Here we have passes so we can come back and you actually get to see the dolphins. This is what it should be like in the ocean.
A visit to Seaworld consists of a series of stops at different attractions, each of which hosts a single species or a few compatible species along with some of those immaculate flower beds, too few places to sit down, little carts selling drinks, some of them in ridiculous souvenir cups, and gift shops tied to the theme of the closest actual animals.
This is niche marketing at its best, one assumes. If people are inclined to go to look at real-live puffins (and who could resist them - with their fiercely pumping underwater flying, their quick if awkward movements on land, their silly crests) than surely you will want to take home a remembrance of these adorable creatures. A stuffed animal, perhaps. Or a mug. Or some socks or a T-shirt emblazoned with their image.
And people must certainly did flock to buy these souvenirs. This nine-year-old girl bought three stuffed puffins, all in different sizes:
We decided to come here for vacation months ago and I've been saving every dollar I got. I had some Hanukah money saved up still, and I got some money for my birthday and then I've been doing extra chores to make some more money. And I knew that I would spend it all at the puffin shop. We came here last year and that's when I decided that puffins would be my favorite animals. But last year we went to see the dolphins first and I spent all my money on dolphin things.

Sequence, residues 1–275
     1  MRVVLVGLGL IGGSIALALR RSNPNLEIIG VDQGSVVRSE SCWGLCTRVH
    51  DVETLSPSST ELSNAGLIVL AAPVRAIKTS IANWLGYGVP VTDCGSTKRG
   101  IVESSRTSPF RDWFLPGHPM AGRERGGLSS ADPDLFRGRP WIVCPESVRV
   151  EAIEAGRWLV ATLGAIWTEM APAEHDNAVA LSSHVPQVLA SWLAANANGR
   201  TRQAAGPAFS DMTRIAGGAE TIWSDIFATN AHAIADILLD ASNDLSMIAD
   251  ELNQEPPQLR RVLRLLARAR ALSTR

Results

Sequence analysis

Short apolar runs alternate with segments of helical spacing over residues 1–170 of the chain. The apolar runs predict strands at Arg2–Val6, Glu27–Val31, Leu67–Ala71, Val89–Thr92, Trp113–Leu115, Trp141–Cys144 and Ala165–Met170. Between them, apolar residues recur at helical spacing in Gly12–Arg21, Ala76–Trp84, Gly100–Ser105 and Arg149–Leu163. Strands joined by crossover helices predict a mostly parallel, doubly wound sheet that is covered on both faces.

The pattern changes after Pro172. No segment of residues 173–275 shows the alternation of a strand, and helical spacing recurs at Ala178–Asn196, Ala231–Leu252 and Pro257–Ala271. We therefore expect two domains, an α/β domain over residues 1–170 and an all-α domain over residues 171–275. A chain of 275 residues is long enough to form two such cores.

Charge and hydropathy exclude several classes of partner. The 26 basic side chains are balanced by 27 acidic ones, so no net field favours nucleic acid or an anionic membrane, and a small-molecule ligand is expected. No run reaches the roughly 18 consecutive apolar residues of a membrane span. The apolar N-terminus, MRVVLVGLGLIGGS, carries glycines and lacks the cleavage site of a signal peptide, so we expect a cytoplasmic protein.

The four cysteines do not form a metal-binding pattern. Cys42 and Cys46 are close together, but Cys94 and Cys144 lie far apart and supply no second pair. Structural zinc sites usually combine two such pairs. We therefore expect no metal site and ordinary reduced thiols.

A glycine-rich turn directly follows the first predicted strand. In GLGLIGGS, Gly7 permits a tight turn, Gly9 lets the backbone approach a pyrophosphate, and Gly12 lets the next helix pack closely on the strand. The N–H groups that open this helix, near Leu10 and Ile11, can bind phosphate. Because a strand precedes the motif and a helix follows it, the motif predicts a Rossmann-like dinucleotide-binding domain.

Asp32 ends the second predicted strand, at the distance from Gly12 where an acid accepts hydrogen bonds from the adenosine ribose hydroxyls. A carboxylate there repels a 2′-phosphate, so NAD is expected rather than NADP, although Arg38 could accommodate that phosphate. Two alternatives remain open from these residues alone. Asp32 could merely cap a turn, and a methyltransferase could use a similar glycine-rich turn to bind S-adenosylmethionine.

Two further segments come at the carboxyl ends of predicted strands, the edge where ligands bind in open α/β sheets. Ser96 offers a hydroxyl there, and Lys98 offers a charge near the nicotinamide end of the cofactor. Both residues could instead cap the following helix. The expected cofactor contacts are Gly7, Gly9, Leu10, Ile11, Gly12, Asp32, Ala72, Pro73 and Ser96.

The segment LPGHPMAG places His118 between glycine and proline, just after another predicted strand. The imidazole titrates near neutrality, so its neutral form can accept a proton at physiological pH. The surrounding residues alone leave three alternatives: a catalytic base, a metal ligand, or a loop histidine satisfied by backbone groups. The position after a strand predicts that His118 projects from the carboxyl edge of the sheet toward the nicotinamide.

This year I begged and begged to come here first so that I could spend all of my money here. This way I can pretend that I'm back here whenever I want because I'll have my very own puffin family.
It is all too striking that the stuffed animals that she was buying would remind her not of the natural world, but of the extremely unnatural environment of Seaworld. Stanley suggests that this is one of the reasons that we travel and one of the guiding principles of all successful tourist meccas: That we feel that we have gone someplace essentially different, without having to disturb ourselves more than is necessary.